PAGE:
Apr 17, 2012

Heading the World Bank

The debate around who had to become the new head of the World Bank has been quite fierce, on blogs and on twitter. Now yesterday it was just revealed (surprise surprise) that Jim, the US's choice, was to become the new boss. Many are angry because this is a continuation of a political arrangement between Europe and the US, rather than a transparent selection process. But having Jim head the bank is certainly gonna be interesting, mostly because he comes as a complete outsider. The Economist had strongly backed the Nigerian candidate, stating that she was by far more qualified. Yet as I outlined in a letter to the editor, it wasn't so clear:

Your leader on who is to head the World Bank is somewhat contradictory. On one hand you say that development is not something rich countries do to poor ones. On the other you claim that an experienced economist should head the Bank because the Bank is about bringing development.
In any case it seems to me the mandate of the Bank goes against recent advances in development economics. One the one hand the randomistas argue that small and targeted aid projects in health and education do have a positive impact on the treated. On the other macroeconomists like Acemoglu and Robinson argue that growth cannot come through outside help. As Easterly reviews their recent book, "Why Nations Fail", he puts it simply: “experts cannot engineer prosperity with the right advice to rulers on policies and institutions. Rulers "get it wrong not by mistake or ignorance but on purpose."”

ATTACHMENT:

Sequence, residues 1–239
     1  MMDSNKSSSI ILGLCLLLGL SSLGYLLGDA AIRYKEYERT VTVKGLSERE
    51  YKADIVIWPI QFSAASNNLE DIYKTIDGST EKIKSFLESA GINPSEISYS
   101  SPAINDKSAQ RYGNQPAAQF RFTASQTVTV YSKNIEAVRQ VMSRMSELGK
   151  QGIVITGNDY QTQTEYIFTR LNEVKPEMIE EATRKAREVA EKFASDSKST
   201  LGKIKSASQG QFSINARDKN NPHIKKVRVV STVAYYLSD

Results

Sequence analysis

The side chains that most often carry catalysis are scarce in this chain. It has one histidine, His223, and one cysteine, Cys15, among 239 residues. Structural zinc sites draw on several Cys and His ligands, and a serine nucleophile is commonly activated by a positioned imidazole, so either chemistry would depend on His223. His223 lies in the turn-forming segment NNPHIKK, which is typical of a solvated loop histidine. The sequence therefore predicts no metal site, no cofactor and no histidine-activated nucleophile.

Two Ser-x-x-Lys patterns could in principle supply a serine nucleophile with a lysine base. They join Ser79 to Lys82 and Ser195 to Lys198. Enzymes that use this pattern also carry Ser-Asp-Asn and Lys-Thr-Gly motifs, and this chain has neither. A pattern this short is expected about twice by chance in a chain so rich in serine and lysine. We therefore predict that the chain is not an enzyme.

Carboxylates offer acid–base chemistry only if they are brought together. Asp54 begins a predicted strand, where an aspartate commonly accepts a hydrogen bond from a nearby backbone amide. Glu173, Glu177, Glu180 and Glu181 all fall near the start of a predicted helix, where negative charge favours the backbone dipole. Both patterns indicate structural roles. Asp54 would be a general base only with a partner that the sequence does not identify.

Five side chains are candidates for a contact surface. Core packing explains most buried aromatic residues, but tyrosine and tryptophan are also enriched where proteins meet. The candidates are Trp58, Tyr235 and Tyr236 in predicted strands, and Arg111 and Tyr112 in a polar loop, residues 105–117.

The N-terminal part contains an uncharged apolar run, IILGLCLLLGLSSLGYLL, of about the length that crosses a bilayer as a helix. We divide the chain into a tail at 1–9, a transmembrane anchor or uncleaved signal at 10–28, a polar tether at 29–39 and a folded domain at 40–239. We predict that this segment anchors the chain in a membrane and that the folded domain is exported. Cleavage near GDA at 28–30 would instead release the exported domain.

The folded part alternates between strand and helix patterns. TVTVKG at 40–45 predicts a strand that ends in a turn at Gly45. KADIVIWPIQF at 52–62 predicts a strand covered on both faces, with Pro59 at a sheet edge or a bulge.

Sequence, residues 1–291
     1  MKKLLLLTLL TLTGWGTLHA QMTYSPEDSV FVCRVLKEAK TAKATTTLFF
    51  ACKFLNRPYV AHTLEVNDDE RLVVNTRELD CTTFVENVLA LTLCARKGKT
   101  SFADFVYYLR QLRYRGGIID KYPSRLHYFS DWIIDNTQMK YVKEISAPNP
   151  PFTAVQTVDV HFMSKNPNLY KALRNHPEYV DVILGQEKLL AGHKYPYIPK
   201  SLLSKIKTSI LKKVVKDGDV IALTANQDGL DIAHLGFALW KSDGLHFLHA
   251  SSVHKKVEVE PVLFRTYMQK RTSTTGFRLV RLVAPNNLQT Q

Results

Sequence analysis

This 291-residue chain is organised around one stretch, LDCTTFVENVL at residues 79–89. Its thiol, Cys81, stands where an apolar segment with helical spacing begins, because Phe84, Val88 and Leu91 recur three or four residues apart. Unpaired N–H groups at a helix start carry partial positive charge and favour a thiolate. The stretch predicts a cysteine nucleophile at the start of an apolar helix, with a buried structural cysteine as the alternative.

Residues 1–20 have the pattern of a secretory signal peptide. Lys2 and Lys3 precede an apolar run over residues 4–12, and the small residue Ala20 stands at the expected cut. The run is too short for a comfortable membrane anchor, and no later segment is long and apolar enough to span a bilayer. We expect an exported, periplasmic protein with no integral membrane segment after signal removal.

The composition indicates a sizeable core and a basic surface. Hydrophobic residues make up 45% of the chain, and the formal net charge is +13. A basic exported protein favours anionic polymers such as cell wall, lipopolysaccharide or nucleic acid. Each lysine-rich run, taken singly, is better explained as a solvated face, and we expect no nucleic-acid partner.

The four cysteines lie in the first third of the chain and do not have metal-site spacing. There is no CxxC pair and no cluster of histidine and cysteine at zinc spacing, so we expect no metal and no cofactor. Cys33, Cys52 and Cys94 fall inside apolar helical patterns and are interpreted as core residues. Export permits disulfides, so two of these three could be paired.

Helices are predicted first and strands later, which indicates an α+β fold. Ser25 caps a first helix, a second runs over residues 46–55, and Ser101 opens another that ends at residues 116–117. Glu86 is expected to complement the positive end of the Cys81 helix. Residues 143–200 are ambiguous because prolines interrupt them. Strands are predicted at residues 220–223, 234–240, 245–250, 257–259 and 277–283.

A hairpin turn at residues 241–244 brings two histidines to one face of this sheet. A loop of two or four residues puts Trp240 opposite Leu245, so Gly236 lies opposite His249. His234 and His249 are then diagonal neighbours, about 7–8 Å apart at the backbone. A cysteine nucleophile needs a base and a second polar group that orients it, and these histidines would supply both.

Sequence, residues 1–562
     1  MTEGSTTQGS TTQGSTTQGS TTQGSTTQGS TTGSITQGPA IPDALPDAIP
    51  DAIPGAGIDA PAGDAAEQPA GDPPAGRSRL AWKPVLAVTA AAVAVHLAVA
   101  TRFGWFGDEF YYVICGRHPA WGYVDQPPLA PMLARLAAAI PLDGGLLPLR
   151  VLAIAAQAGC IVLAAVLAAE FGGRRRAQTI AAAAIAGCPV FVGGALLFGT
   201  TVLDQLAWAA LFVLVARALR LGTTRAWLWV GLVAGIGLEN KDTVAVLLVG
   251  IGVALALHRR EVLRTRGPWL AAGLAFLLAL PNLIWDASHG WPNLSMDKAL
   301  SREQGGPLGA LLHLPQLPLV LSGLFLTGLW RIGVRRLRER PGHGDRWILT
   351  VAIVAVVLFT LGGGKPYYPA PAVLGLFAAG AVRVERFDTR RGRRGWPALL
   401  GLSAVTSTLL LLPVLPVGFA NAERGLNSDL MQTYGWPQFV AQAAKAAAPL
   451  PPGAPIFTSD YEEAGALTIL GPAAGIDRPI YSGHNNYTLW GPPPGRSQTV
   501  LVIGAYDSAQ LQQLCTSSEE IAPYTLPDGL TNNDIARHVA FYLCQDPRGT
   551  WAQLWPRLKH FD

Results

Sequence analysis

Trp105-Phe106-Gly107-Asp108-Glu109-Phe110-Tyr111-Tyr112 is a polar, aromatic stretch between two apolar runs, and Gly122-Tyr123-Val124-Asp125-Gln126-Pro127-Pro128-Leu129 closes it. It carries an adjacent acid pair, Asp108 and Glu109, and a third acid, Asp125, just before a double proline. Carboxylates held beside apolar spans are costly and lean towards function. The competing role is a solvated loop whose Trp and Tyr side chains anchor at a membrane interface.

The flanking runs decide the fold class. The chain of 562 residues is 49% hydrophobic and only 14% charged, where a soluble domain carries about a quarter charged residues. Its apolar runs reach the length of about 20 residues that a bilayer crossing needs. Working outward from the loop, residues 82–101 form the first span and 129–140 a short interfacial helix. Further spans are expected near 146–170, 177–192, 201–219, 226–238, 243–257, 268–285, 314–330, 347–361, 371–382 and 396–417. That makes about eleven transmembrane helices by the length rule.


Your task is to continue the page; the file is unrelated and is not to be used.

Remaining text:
Has the World Bank helped poor countries by suggesting the right policies? Nope. Can it? Of course not. Why stick to a failed model? Better stick to assistance projects that can actually make a difference. And for that Jim Yong Kim may be the right candidate. For sure it makes no sense to have Obama decide who is to head the Bank. But this doesn’t mean this is an obvious choice. There is no doubt that Ngozi Okonjo-Iweala is one of the world’s best hopes for development. Yet the main advantage of having Jim head the Bank is that Ngozi avoids useless meetings in DC and remains where she can change the world, i.e. in Nigeria.

And a few days later Acemoglu and Robinson said the same thing on their blog:

Perhaps the Bank could focus on doing a few things such as investing in health infrastructure, hospitals, perhaps some educational facilities targeted for the most disadvantaged populations in only the parts of the world that are most in need... perhaps this year offers another historic opportunity: to change the vision and structure of the World Bank.

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